Essay by Valerie Fletcher
Born in Indiana, Bryan Hunt attended the University of South Florida with the intention of becoming an architect but soon found himself more intrigued by painting. In 1967–68 he worked as a technical assistant at the Kennedy Space Center at Cape Canaveral; that brief interlude sparked a strong interest in technology’s role in modern consciousness. He then moved to Los Angeles to attend the Otis Art Institute, where he obtained his BFA in 1971.
Hunt’s sculptures in the early 1970s were architectural models of famous landmark structures, such as the Hoover Dam and the Empire State Building. Then, while bedridden with a serious illness, Hunt read voraciously, particularly books on modern philosophy and literary theory by such authors as Jean-Paul Sartre and Roland Barthes. He also admired the purist aesthetics of Barnett Newman and the newly established minimalists.
When Hunt returned to making sculpture, he combined the clarity of minimalist forms with motifs from the real world. Intrigued by historical aviation rather than contemporary jet or rocket technology, he made an elegantly simplified model of a dirigible (also known as a zeppelin or blimp) and incorporated it into startling compositions in which the airship appears to float weightlessly, often with its front end stuck into a wall.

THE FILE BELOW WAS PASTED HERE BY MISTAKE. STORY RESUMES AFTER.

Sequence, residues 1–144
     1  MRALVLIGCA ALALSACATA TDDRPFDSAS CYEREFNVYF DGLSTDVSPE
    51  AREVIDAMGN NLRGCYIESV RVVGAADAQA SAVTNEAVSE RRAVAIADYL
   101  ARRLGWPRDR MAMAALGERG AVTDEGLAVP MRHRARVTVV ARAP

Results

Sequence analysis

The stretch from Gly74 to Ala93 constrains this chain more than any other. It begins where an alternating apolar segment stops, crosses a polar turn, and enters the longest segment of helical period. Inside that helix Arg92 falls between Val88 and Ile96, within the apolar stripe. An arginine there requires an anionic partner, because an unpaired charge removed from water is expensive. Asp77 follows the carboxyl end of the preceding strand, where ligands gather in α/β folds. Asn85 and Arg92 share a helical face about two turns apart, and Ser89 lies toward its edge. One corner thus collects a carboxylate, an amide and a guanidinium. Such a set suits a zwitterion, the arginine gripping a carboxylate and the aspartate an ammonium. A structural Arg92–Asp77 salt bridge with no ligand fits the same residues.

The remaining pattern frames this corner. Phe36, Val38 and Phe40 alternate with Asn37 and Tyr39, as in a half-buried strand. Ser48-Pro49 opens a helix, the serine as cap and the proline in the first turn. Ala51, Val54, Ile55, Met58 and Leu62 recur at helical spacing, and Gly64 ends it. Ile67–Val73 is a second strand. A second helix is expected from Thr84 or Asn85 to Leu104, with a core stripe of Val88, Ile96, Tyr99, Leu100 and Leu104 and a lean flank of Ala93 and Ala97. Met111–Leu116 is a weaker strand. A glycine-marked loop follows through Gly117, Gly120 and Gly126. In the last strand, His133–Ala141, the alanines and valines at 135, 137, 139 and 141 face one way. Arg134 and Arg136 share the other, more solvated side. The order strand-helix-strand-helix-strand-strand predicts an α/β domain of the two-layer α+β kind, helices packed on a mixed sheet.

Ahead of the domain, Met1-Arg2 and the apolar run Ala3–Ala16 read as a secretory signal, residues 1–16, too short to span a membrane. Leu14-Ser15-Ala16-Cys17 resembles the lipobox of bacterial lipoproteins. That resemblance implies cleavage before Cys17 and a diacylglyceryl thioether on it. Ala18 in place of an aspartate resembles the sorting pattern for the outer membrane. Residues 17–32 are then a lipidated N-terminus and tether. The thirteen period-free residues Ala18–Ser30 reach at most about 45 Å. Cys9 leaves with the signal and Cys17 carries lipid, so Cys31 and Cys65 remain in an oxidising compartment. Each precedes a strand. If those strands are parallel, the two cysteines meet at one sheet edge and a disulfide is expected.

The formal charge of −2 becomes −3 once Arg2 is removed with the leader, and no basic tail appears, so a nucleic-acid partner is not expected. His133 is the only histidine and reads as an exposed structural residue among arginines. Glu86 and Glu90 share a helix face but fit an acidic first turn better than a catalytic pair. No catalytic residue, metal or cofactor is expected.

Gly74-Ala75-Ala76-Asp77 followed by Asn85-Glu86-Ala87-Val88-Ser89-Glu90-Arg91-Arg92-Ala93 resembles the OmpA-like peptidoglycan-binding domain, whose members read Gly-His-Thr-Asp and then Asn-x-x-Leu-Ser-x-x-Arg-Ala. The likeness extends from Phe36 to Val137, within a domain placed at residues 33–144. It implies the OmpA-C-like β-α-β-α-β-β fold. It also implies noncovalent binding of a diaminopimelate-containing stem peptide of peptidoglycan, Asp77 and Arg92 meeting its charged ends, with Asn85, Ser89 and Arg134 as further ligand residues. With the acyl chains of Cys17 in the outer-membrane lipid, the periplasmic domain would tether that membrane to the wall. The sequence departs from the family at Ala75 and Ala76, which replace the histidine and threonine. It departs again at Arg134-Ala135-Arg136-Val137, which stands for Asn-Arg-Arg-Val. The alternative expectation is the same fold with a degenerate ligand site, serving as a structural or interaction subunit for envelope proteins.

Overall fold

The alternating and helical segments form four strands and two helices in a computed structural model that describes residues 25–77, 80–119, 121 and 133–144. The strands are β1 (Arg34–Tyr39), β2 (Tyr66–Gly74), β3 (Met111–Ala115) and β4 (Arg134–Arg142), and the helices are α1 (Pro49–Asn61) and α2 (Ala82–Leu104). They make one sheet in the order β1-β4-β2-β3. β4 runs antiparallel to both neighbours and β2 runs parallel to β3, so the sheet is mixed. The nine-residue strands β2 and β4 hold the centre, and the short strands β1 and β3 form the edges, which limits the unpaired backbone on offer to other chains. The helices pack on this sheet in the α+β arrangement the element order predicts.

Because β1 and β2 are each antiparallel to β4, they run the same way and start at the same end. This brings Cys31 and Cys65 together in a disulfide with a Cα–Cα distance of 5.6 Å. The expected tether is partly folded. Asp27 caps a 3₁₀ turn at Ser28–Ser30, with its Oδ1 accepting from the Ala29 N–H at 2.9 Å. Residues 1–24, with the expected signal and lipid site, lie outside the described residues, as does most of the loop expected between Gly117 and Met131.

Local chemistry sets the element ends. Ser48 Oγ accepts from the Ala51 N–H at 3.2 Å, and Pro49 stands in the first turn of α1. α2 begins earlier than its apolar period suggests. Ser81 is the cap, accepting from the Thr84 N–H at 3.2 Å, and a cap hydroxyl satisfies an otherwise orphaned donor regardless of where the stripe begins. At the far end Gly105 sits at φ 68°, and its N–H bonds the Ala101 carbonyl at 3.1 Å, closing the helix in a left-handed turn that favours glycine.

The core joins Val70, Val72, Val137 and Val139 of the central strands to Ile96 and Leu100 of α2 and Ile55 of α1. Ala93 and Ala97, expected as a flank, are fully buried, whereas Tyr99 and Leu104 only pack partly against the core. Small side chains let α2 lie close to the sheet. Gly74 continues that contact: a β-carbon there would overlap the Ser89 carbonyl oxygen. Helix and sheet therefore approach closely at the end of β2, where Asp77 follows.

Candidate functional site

Hunt changed his approach again in 1979–80. Fascinated by topography, he modeled amorphous sculptures of Lakes and Waterfalls. The bronze surfaces were highly articulated to convey a sense of energy—a stylistic tradition established by Auguste Rodin in the 1880s and revitalized by Alberto Giacometti in the 1940s and 1950s. Hunt was specifically inspired by Willem de Kooning’s sculptures of the 1970s.
Throughout the 1980s, Hunt focused on motifs from classical Greek art and culture. His Maenad sculptures, although abstract, evoke the swirling draperies of Hellenistic sculptures. Amphora refers to a tall, slender, two-handled vessel, usually made of clay and used to store food and drink, especially wine. Rather than a sturdy, practical container, Hunt’s Amphora is flat and visually unstable; it serves primarily as a pretext for modeling form and creating expressive surfaces. Viewers are free to solely enjoy the visual, but we might also see an analogy for the diminished appreciation of most classical culture today.
Valerie Fletcher is Senior Curator at the Hirshhorn Museum in Washington, DC. Her research on groundbreaking aspects of international, globalized, and transnational art have resulted in numerous exhibitions and publications.